The study on folate and cognitive function discussed in the article was methodologically strong, but even strong studies can have weaknesses. The authors acknowledged that the cross-sectional design of their study—examining the characteristics of a given population at one moment in time rather than observing the changes that occur in that population over a period of time—could have been a weakness, because it allowed for the possibility of reverse causality, which sounds like something from Alice in Wonderland.
But fear not—we are not exploring alien realms of logic, as Lewis Carroll was so fond of doing (he was a mathematician, by the way). Reverse causality simply means that there could have been a role reversal between what appeared to be cause and effect in this study, with each of them actually being the other! Specifically: what if, instead of low folate’s causing impaired cognitive function in some of these individuals, their impaired cognitive function caused them to alter their dietary habits, resulting in lower folate intake? (Giving up cereal or forgetting to take supplements would do the trick.)
Admit it—you hadn’t thought of that, right? But scientists have to think about things like that (and other things far more subtle and complex) all the time, lest they stumble into one of the innumerable intellectual pitfalls that always surround them. (Guess what? Often they do stumble, because, unlike the rest of us, they aren’t perfetc.)
In this case, the authors opined that reverse causality was unlikely, because the study included only nondemented persons, whose relatively low levels of cognitive impairment would probably not have affected their dietary habits enough to alter the outcome of the study. Plausible sounds that.
- de Lau LML, Refsum H, Smith AD, Johnston C, Breteler MMB. Plasma folate concentration and cognitive performance: Rotterdam Scan Study. Am J Clin Nutr 2007;86:728-34.
Analysis of the MRI scans showed that the volume of white matter lesions (WMLs) and the presence of severe WMLs decreased significantly with increasing folate levels, an inverse relationship that indicated a protective effect of folate against cerebrovascular disease. On the other hand, there was no association between folate and hippocampal or amygdalar volumes, suggesting a lack of protective effect against that form of neurodegeneration.
Some Surprising Conclusions
After the initial analysis, the researchers adjusted the data to account for differences in homocysteine levels in the subjects’ blood; they then reanalyzed the data to see whether folate’s beneficial effects were due to its reduction of homocysteine levels or were independent. For cognitive performance (psychomotor speed and global cognitive function), the results were essentially unchanged, meaning that folate acted largely independently of homocysteine.
That does not mean, however, that homocysteine had no effect on cognitive performance. In fact, there was a statistically significant association between higher homocysteine levels and poorer results in the two aspects of cognitive performance in question. This suggests that folate and homocysteine may have effects on cognition that are independent of each other, possibly through different biochemical pathways. It also means that cognitive impairment may be due as much to low folate levels, per se, as to high homocysteine levels. See how complicated this can get?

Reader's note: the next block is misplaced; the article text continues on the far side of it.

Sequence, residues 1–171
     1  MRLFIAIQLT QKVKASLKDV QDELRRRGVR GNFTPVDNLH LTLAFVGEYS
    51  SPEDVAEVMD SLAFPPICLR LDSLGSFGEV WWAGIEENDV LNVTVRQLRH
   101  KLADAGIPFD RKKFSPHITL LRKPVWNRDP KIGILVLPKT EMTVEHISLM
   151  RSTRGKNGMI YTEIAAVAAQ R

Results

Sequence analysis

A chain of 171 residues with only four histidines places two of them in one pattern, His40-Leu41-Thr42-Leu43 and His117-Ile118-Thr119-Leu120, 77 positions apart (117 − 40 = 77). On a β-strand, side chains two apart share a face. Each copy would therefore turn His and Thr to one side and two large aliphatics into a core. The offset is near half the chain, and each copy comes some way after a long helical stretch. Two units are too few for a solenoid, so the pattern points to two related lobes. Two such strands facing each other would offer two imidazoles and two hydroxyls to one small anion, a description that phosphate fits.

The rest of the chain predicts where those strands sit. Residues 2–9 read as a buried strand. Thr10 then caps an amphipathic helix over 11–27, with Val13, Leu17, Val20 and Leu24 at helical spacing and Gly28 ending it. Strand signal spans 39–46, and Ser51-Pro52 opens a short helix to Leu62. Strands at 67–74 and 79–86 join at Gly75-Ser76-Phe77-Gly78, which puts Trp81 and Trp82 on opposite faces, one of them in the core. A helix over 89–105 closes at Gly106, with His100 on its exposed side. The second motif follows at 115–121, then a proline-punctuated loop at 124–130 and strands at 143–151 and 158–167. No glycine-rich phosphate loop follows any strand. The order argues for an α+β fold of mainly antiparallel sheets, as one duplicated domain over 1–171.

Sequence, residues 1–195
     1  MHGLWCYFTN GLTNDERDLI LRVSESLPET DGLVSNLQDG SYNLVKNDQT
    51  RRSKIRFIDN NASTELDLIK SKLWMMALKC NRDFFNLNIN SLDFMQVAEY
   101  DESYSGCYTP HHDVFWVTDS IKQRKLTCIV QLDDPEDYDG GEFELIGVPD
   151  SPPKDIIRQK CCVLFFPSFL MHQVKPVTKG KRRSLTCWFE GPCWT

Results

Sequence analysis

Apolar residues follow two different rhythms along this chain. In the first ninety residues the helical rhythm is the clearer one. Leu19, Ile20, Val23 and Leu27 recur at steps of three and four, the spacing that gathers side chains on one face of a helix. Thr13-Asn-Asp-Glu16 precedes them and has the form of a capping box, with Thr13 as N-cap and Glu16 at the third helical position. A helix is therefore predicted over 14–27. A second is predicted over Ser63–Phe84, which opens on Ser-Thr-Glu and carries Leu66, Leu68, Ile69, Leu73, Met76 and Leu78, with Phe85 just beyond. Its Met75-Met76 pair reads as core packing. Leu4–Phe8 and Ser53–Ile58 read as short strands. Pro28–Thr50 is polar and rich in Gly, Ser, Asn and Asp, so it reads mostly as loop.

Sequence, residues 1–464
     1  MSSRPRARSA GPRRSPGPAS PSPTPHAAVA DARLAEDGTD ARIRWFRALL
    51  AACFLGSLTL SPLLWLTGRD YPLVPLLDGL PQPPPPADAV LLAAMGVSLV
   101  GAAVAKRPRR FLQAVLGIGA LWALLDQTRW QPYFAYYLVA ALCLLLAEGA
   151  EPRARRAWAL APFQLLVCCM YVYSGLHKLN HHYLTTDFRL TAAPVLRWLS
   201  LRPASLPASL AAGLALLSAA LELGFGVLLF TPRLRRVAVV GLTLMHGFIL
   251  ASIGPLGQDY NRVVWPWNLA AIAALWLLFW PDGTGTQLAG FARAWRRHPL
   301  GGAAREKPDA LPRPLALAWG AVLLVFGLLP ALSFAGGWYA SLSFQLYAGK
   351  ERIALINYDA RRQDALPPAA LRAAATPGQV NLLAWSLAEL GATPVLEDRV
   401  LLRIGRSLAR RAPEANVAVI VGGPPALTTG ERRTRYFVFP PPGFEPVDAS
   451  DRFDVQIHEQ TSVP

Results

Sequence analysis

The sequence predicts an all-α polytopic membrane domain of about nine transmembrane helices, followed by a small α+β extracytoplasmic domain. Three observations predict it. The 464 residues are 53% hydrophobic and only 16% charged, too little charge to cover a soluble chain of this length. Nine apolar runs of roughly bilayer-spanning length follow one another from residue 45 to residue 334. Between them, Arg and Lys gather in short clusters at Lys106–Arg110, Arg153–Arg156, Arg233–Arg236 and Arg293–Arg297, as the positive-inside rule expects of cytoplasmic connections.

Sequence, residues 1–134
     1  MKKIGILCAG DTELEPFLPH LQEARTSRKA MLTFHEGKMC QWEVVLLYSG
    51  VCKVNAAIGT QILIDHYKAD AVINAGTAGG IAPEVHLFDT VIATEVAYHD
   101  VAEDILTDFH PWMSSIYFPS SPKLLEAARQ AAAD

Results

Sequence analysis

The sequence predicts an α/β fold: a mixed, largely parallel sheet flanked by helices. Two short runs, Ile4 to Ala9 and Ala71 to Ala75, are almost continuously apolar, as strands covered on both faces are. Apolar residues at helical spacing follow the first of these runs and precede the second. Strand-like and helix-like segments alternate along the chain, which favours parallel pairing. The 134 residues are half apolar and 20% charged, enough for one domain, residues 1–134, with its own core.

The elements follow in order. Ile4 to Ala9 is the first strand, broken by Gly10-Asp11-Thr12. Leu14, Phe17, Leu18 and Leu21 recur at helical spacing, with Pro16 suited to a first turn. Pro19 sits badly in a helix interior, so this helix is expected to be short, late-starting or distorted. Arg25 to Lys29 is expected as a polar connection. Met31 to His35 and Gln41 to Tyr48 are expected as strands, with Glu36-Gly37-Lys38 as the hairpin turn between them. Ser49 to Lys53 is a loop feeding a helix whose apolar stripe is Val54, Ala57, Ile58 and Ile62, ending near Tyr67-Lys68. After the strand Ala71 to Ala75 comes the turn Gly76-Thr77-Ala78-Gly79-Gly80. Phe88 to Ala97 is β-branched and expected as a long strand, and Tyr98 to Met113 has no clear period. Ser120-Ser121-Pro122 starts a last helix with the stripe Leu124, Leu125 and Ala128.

When the data on WMLs were similarly adjusted for varying homocysteine levels and then reanalyzed, the inverse relationship between folate levels and WMLs also remained essentially unchanged.
All of these findings suggested to the authors (for a variety of reasons that we need not go into) that low folate levels are linked to cognitive decline primarily by cerebrovascular mechanisms rather than by mechanisms involving primary neurodegeneration. Consistent with this opinion is the fact that psychomotor speed is known to be adversely affected by cerebrovascular disease, whereas memory is affected more strongly by neuronal function and hippocampal size.
From 14 Studies We Find that . . .
The authors cited four studies indicating that supplemental folic acid has beneficial effects on dysfunction of the vascular endothelium; such dysfunction (which can take many forms) is a key factor in hypertension and atherosclerosis and is a leading indicator for the risk of cardiovascular disease. In two of the cited studies, interestingly, the effects of folic acid appeared to be independent of homocysteine levels; this jibes with the observations in the cognitive function study.
Three of the four studies cited were included among the 14 that were evaluated recently by means of a meta-analysis. This is a complex procedure for combining the results of numerous studies on a given subject in order to extract a conclusion based on the collective data from all of them rather than on the more limited data from any individual one. Such a conclusion should have greater weight by virtue of its broader foundation.
Folic acid and vitamin B12 work hand in hand.
Together, the 14 studies involved 732 individuals who were treated with folic acid (with or without vitamin B6, vitamin B12, or both) or placebo for a median period of 8 weeks. Most of the subjects were middle-aged men. The amount of folic acid used ranged from 400 to 10,000 mcg/day (0.4 to 10 mg/day), with a median value of 5000 mcg/day (5 mg/day).
. . . Folic Acid Might Reduce Cardiovascular Risk
The pooled data from all the studies showed a small but significant improvement, by 1.1%, in flow-mediated dilation, a technique used for evaluating endothelial function. This figure fell slightly when only the lower amounts of folic acid were considered, and it rose slightly when only the higher amounts were considered. It is not clear, however, whether these variations were meaningful or just artifacts caused by differences among the studies involved.
In any case, the authors concluded that the beneficial effect of high doses of supplemental folic acid on endothelial function was probably largely independent of a homocysteine-lowering action. Whether it is or not, though, the effect could potentially reduce the risk for cardiovascular disease, at least a little.
Keep It Clean!
So is homocysteine still the bad guy, and folic acid the good guy? Definitely yes, but, as we have seen, things are not always as clean and simple as we would like. Evidence can be hard to obtain, and even harder to interpret correctly. In the case of folic acid, all the evidence points to its beneficial effects on our health, even if it’s not always on the hunt for homocysteine but is just “doing its own thing.” Are you getting enough folic acid?
- de Lau LML, Refsum H, Smith AD, Johnston C, Breteler MMB. Plasma
folate concentration and cognitive performance: Rotterdam Scan Study. Am J Clin Nutr 2007;86:728-34.
- de Bree A, van Mierlo LA, Draijer R. Folic acid improves vascular reactivity in humans: a meta-analysis of randomized controlled trials. Am J Clin Nutr 2007;86:610-7.
Will Block is the publisher and editorial director of Life Enhancement magazine.